Hot Peppers – Why Are They Hot?

Plants have been waging a war with animals-and humans alike-for a long time. As herbivores and omnivores rely heavily on plants for nutrients and survival, they can easily live on without us. Due to this, many plants have developed techniques to rebel animals from eating them (e.g. vile smell, thorns, unappealing, difficult to reach, etc.). However, other plants will try to attract animals (e.g. colourful, sweet smell, etc)  to eat their fruits so as to spread their seeds and germinate.

So what makes hot peppers so special?

This peculiar fruit attracts animals through its bright colours and sweet scent. However, as we all know, these signs are misguiding as they fill our senses with a fiery explosion of pain.

The reason for this pain is due to the chemical, capsaicin, which attachs to receptors called vanilloids which are found at endings of trigeminal nerve (sensory and motor fibres in the face). These receptors are typically found inside the mouth and-when bound by capsaicin-creates a sensation of pain.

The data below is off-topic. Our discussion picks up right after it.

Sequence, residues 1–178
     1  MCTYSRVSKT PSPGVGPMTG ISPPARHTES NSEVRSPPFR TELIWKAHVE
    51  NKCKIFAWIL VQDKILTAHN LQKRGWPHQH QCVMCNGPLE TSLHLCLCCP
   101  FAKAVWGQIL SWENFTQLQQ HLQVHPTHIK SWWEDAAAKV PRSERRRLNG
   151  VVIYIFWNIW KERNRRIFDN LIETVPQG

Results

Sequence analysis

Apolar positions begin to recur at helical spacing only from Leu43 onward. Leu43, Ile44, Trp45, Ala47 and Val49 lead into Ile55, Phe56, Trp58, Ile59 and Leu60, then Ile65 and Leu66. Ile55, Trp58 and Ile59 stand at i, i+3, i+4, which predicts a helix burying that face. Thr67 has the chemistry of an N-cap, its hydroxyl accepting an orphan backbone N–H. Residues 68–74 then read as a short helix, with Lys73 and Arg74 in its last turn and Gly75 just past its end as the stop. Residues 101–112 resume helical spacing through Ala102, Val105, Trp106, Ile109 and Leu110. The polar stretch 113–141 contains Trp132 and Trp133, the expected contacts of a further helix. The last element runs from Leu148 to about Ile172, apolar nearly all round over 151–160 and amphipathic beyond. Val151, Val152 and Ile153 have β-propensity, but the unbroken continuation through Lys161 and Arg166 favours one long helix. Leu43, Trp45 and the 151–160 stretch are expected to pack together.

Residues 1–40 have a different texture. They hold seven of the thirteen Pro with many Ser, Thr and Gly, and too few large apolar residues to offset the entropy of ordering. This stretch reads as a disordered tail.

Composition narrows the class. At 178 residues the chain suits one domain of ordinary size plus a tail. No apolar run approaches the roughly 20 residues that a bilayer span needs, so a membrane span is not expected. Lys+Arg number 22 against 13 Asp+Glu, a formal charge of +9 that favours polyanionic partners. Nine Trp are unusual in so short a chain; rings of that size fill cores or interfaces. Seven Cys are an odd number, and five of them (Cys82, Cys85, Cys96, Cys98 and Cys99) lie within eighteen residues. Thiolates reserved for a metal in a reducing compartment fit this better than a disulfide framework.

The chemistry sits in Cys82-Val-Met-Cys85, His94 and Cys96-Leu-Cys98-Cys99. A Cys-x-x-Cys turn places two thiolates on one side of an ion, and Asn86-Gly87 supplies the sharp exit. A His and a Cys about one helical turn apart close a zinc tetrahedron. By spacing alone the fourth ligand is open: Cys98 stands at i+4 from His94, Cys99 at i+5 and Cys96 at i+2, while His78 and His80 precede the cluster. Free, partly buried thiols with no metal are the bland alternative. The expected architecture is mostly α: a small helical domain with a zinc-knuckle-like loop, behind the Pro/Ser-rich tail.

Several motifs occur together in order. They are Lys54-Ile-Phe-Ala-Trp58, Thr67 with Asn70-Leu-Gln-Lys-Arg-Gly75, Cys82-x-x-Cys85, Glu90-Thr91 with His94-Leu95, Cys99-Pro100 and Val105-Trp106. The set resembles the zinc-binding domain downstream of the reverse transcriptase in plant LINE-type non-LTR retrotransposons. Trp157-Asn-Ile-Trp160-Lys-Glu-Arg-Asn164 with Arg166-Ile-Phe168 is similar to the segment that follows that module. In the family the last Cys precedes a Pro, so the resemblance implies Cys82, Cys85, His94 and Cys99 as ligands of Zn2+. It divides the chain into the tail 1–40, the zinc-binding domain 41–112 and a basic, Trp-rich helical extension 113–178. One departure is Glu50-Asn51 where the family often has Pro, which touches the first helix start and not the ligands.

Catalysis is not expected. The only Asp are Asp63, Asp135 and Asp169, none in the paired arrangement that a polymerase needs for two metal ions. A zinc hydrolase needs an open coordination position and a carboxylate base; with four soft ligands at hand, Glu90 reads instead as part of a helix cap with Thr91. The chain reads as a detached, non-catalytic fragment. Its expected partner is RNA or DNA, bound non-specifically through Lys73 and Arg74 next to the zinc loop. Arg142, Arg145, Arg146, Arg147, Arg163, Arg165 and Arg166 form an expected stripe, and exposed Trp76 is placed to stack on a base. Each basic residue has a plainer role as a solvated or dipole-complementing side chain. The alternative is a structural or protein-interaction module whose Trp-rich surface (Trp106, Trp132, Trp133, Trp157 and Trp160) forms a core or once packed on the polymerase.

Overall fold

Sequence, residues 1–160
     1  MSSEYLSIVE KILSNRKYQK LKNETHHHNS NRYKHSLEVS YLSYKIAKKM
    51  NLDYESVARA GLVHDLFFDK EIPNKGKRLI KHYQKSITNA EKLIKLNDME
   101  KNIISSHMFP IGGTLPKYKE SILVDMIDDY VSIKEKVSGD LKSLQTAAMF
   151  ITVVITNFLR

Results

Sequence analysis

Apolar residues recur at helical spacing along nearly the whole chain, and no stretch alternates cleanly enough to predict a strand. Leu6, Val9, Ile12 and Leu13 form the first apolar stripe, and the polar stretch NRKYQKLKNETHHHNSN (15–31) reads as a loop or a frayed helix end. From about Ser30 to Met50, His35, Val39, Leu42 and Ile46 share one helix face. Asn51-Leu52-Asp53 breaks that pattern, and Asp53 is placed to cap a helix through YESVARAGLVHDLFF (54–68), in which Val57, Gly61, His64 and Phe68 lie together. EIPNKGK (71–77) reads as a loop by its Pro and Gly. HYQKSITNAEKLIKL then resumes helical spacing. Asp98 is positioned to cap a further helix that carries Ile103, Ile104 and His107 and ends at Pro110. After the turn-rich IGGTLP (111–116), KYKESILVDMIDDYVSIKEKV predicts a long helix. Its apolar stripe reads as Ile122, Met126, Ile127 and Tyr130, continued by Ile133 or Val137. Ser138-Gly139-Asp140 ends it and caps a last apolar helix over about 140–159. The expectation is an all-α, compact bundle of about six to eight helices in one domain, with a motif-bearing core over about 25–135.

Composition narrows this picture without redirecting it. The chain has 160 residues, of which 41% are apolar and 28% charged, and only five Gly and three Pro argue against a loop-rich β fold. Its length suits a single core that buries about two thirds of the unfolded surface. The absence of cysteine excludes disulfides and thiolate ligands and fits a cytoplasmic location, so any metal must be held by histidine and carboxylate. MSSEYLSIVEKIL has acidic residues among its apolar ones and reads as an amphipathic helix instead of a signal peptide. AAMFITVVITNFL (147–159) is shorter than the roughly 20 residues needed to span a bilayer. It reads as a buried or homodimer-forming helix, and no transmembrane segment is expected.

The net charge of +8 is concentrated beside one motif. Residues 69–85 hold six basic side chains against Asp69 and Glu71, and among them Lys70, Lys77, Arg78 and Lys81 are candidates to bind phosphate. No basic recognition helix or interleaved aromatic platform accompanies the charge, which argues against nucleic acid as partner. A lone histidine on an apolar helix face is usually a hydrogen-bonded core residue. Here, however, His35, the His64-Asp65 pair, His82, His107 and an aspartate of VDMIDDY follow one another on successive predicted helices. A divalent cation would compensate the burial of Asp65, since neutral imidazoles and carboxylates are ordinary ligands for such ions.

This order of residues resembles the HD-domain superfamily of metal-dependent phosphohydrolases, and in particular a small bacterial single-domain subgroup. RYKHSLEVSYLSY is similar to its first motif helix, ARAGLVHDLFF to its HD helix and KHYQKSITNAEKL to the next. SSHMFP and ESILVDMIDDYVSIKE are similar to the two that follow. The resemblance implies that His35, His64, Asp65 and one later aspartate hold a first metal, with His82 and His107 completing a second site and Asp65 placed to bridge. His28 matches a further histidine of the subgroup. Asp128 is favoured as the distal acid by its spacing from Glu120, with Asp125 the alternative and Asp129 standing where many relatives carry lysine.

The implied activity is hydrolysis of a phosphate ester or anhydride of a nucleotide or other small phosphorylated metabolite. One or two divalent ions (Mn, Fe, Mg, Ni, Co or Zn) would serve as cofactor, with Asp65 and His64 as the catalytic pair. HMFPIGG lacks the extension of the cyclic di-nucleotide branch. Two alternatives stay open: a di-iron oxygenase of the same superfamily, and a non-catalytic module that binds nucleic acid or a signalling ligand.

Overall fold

Hot Peppers

As researchers began studying on the reasons for this “backwards” phenomenon, they discovered that vanilloid receptors are found in all mammals but not birds.

In this article Bora Zivkovic talks about how:

 Back in 1960s, Dan Johnson had an interesting proposal he dubbed “directed deterrence” which suggested that some plants may make choices as to exactly which herbivores to attract and which to deter. 

Following this proposal, researchers found out that mammals tended to chew, crush or semi-digest the seeds. While birds are able to eat through to the seeds and keep them fertile even after digestion.

For more details, check out:

Hot Peppers – Why Are They Hot? | A Blog Around The Clock, Scientific American Blog Network.

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Posted on November 29, 2011, in NeuroNews and tagged , , , , , , , , , , , , . Bookmark the permalink. Leave a comment.

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